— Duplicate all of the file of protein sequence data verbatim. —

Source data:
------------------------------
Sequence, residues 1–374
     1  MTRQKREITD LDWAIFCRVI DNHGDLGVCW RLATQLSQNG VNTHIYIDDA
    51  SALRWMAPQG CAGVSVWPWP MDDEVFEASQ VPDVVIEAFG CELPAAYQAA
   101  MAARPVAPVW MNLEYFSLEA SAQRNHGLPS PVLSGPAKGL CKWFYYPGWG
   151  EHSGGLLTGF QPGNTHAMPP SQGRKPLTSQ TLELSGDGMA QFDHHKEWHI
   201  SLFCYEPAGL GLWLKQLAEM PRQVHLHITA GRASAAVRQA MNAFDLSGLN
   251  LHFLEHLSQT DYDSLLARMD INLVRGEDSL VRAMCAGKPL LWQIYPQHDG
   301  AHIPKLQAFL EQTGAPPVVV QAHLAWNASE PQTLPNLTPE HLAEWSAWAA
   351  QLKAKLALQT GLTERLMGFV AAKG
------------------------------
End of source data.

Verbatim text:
Sequence, residues 1–374
     1  MTRQKREITD LDWAIFCRVI DNHGDLGVCW RLATQLSQNG VNTHIYIDDA
    51  SALRWMAPQG CAGVSVWPWP MDDEVFEASQ VPDVVIEAFG CELPAAYQAA
   101  MAARPVAPVW MNLEYFSLEA SAQRNHGLPS PVLSGPAKGL CKWFYYPGWG
   151  EHSGGLLTGF QPGNTHAMPP SQGRKPLTSQ TLELSGDGMA QFDHHKEWHI
   201  SLFCYEPAGL GLWLKQLAEM PRQVHLHITA GRASAAVRQA MNAFDLSGLN
   251  LHFLEHLSQT DYDSLLARMD INLVRGEDSL VRAMCAGKPL LWQIYPQHDG
   301  AHIPKLQAFL EQTGAPPVVV QAHLAWNASE PQTLPNLTPE HLAEWSAWAA
   351  QLKAKLALQT GLTERLMGFV AAKG